There is one player able to rise above any and all challenges. His name is D.J. Hackett, and he is extraordinary. Hackett has a nose for the first down marker, and he can make tough catches in traffic. He is also the perfect deep-threat for Matt Hasselbeck. Oh yeah – he catches almost anything he can get his hands on. Hackett had another great game, catching four passes for 104 yards and a touchdown. How does Hackett get more involved in the passing game? With Burleson looking resurgent, Branch getting more comfortable, and Jackson leading the league in touchdown receptions, it is difficult to find a spot for Hackett, but Seattle needs to make a point of designing a few plays around his abilities.

Defense: The score is ugly – 27 points scored against the defense. There are two sides to this problem. On one hand, the defense didn’t perform very well. In fact, nobody on the defense played very well. However, they were put in a really bad position by an offense that could not hold onto the ball. The touchdown reception by Cardinals WR Bryant Johnson was all on the defense – mainly CB Marcus Trufant and SS Jordan Babineaux. Babineaux lagged 10 yards behind the play, and Trufant picked a bad time to slip – but the rest of the points allowed were all tied to an offense unable to secure the ball.

The offense cannot be held responsible for the defense line, however. On running plays, Seattle was simply overpowered. A good defensive line will keep the offensive line off the linebackers, but Seattle’s linebackers had a blocker in their face on almost every play. Seattle allowed 113 yards on the ground, a bad if not tragic number, but when a defense allows the Arizona Cardinals to run for 113 yards, there is an issue with the run defense. Simply put, a defensive unit this good last year, should not be this bad this year.

The inability of the defensive line to eat up blockers has also contributed immensely to the poor tackling seen this season. Because the defensive line is beaten one-on-one, at least one linesmen – and usually a fullback or TE as well – are able to get the second level, neutralizing the undersized Seahawk linebackers. If the linebackers try to run around the blocker, they inevitably get a really poor angle on the ball carrier and often miss the tackle. The blame does not solely lie with the linebackers; it also lies with the defensive line for forcing the linebackers to take poor angles. (Jordan Babineaux, on the other hand, just can’t tackle)

The defensive line was equally awful against the pass. Some of this is doubtlessly the fault of defensive coordinator John Marshall, but there is no excuse for not sacking Matt Leinart at least a few times. It really felt like even when we brought pressure, Leinart did not have to rush his throws. For the second straight game, Seattle didn’t capitalize on a chance to pound a rookie quarterback. The line looks tired and worn out, and has been dominated on many, many occasions.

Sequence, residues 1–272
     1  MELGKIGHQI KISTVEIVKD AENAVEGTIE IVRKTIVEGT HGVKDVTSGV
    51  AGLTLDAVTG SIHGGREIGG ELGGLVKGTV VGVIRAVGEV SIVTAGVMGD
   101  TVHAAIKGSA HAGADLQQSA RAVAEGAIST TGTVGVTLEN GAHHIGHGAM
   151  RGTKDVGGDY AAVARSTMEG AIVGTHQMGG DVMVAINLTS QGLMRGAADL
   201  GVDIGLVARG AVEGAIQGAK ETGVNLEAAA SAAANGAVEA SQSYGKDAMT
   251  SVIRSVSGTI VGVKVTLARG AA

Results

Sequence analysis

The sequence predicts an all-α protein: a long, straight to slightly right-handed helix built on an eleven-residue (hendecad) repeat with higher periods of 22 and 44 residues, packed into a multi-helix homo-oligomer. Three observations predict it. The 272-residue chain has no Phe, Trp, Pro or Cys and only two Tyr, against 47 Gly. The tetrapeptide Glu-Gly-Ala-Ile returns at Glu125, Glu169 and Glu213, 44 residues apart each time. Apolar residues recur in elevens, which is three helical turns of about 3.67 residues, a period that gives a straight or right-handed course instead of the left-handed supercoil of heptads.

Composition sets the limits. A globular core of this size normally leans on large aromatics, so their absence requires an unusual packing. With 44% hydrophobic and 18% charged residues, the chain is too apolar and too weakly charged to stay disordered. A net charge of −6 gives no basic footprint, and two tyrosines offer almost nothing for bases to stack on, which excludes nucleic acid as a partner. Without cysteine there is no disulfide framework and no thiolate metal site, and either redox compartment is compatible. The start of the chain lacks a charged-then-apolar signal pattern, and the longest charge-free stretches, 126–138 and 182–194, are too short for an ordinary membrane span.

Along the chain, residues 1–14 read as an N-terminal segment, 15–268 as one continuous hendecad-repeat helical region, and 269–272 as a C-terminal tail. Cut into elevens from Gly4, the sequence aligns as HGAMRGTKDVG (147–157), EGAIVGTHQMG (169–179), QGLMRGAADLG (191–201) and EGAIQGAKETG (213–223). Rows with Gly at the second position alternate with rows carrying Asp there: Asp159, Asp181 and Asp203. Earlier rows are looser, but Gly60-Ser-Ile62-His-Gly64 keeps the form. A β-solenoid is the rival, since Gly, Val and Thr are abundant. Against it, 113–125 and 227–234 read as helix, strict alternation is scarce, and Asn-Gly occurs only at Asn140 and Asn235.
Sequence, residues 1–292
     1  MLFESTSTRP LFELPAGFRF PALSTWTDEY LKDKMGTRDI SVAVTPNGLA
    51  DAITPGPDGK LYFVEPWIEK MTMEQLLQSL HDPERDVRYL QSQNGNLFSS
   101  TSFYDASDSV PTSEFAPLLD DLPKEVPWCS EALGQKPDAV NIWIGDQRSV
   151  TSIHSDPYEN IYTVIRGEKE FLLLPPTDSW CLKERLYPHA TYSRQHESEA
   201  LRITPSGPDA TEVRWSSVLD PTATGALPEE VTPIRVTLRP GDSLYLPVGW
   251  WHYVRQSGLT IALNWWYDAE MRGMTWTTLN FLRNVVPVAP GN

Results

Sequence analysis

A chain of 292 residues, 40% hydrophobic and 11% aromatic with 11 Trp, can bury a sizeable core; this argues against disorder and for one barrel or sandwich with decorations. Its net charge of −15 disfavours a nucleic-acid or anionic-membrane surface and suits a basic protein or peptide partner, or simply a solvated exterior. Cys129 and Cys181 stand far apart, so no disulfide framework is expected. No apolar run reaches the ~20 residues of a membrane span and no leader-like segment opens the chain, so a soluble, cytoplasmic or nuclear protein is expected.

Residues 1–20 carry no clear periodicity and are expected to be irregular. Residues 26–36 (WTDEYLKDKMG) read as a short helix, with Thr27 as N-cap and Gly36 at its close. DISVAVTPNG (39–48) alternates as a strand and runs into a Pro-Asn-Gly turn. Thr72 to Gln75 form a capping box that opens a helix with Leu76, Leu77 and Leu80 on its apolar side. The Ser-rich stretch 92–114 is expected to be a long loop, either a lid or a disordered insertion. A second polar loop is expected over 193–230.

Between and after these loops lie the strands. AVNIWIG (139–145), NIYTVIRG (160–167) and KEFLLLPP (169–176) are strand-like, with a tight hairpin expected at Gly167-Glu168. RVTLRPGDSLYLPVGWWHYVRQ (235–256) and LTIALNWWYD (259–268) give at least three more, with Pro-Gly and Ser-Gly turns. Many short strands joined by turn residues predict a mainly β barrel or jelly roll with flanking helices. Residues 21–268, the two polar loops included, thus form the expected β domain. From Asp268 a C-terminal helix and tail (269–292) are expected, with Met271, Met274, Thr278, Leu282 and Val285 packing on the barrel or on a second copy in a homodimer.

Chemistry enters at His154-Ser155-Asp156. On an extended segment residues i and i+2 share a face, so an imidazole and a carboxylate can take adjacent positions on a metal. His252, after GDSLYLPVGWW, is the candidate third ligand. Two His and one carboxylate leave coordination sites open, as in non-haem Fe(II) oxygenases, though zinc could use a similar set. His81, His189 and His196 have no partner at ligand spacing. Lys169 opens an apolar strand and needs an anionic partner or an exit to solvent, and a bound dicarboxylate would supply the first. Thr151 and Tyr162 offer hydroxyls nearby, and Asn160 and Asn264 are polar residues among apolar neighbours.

The single most frustrating aspect of this defense is their inability to make adjustments. For example, look at Arizona’s ability to throw slant patterns against Seattle’s corners. The slant route terrorized Seattle, helping the Cardinals pick up key first downs. While the slant route is a great route for picking up short yardage, making a couple simple adjustments in the defensive scheme can lead to interceptions. Of course, the defense didn’t make any adjustments. The blame lies with Defensive Coordinator John Marshall, who is watching his defense crumble around him. Seattle is running almost the exact same defense as last year, yet somehow a top 10 defense last year isn’t even top 20 this year. Marshall doesn’t have the creativity to take advantage of versatile players like Julian Peterson while keeping the rest of the team disciplined.

Special Teams: The coverage team was lacking against Arizona, but even their performance was merely ordinary. K Josh Brown didn’t get any field goal attempts, but he made two extra points much closer than they should have been. P Ryan Plackemeier did an excellent job punting the ball, as usual. Nate Burleson continues to be stunning on punt and kick returns, and it would surprise nobody in Seattle if he took another return for a touchdown – though Mike Holmgren’s blood pressure shoots up every time he forgets to fair-catch the ball, and gets drilled immediately.

Summary: These Seahawks are lacking in the magic that the Seahawks had in their 2005 super-bowl run. However, this is still a good football team, just one that is not clicking on offense and performing poorly on defense. The Seahawks host the 49ers on December 14th, with a chance to wrap up the division and secure themselves a playoff berth.

This team isn’t done yet.


Kyle Rota is our MMQB, and is also known as "Rotak" on our message boards. You can e-mail him here.